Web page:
Breeding crops that utilise nutrients more efficiently
The future expansion of Irish agriculture needs to be seen in the context of global climate change. Agricultural practices will need to be sustainable in terms of both inputs and emissions (e.g. fertilisers and greenhouse gases), and increasing weather volatility means that crop varieties must also be able to withstand a more diverse array of adverse environmental conditions.
Nutrient availability and recovery by plants is a key factor affecting (often limiting) crop yield potential. In order to achieve more agronomically and environmentally sustainable crop production systems, achieving high levels of N use efficiency (NUE) is critical. Nitrogen uptake by crop plants grown in soil is greatly influenced by root morphology, soil properties, climate, cultural and management practices, and plant species. Many studies have focused on cultural and management practices (changing fertiliser rates, timings and placement) to optimise nutrient availability for crops, however, limited knowledge exists on the variability within crop species for NUE and adaptability to low N environments.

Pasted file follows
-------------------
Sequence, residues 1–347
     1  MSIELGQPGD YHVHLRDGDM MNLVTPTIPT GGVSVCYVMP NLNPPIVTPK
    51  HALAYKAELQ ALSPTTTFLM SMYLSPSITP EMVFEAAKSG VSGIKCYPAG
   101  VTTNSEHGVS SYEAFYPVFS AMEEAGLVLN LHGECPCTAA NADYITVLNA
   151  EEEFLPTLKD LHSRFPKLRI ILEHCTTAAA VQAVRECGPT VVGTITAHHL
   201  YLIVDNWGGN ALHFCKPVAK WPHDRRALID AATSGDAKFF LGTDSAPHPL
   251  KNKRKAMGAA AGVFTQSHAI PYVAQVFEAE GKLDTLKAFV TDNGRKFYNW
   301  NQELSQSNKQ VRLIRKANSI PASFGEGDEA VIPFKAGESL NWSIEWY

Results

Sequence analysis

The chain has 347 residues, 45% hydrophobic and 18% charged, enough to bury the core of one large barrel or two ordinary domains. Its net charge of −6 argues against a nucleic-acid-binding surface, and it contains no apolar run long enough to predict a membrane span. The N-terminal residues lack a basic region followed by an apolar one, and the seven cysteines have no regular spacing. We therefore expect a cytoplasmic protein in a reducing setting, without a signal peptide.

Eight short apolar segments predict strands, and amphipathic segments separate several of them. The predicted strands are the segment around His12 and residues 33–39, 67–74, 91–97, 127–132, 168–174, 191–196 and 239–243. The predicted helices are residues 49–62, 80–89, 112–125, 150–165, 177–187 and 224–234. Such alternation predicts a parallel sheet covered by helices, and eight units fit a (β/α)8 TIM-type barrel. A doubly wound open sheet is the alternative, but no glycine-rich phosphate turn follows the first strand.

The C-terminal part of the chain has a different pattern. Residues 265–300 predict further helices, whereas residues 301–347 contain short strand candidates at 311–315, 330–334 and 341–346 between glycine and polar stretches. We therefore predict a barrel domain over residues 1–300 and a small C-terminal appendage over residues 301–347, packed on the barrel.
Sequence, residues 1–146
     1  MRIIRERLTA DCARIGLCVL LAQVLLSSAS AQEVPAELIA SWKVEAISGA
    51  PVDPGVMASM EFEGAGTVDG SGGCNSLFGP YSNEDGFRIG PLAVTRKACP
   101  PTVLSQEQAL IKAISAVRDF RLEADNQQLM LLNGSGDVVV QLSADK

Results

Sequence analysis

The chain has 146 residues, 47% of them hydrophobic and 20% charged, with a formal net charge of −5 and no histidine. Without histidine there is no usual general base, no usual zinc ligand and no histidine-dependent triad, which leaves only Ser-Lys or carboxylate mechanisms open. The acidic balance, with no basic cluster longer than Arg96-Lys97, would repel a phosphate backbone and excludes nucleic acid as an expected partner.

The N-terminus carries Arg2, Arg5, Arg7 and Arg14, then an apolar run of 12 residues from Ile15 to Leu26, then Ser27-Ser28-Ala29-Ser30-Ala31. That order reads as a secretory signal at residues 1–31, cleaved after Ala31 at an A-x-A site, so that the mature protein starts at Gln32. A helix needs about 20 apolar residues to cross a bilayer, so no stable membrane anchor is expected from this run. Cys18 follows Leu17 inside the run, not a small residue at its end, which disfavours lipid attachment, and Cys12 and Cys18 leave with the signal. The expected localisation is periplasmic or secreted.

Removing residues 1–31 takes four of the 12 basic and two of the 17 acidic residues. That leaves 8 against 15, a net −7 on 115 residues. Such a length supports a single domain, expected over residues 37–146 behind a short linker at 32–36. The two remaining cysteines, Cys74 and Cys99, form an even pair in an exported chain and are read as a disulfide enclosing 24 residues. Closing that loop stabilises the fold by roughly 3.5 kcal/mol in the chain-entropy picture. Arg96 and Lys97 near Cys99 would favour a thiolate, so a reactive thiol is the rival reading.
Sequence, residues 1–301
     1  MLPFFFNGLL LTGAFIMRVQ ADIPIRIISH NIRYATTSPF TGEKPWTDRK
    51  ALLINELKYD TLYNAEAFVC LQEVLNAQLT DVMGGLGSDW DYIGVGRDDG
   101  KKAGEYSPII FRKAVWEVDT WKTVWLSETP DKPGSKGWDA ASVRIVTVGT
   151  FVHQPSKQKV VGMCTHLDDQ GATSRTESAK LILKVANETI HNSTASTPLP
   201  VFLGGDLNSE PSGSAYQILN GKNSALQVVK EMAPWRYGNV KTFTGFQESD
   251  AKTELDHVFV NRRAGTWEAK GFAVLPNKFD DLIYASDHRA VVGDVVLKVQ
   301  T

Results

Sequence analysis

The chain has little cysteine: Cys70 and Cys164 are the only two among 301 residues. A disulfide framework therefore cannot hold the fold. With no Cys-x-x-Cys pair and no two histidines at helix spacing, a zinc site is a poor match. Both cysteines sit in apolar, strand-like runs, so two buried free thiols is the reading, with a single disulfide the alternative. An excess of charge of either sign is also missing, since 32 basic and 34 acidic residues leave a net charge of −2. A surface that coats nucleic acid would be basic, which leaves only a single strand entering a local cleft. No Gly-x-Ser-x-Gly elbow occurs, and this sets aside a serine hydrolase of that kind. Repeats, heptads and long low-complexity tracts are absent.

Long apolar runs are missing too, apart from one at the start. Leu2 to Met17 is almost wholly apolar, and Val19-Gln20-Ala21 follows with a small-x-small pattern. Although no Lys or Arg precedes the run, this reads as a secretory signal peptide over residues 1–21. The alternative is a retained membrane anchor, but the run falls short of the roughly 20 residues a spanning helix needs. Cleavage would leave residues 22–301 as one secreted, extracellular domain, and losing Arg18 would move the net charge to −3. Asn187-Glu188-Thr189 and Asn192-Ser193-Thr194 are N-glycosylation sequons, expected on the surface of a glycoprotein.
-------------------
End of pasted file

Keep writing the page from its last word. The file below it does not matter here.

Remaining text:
Nitrogen fertiliser is a major input in cereal growing. VICCI is utilising large experimental populations of wheat and barley that have been developed by collaborating research organisations in the UK (a winter wheat MAGIC population from NIAB and a large barley collection from the James Hutton Institute). These populations have been extensively genotyped, allowing the cost effective identification of genes and loci determining NUE efficiency under Irish growing conditions. In addition, VICCI researchers are testing approaches based on novel breeding techniques such as CRISPR/Cas9 to develop low grain-N cereals that can provide high energy grain suited to monogastric (pigs, chickens) feeding, with low nitrogen fertiliser requirements combined with reduced emissions of nitrate, ammonia and nitrous oxide.
While N is a key nutrient for plant growth and development, uptake over and above that needed for biomass production is required to supply the formation of grain protein during grain filling. If there is insufficient N available during grain filling the removal of N from the crop canopy results in premature canopy senescence and reduced yield. Removing or reducing this N requirement for grain storage proteins should reduce the requirement for 'luxury' N uptake. There is a need and opportunity to develop for Irish cereal growers novel lines of winter wheat that can provide high energy grain suited to monogastric (pigs, chickens) feeding, and with low nitrogen fertiliser requirements. The expected gains from such varieties would be reduced costs of crop nutrition combined with reduced emissions of nitrate, ammonia and nitrous oxide.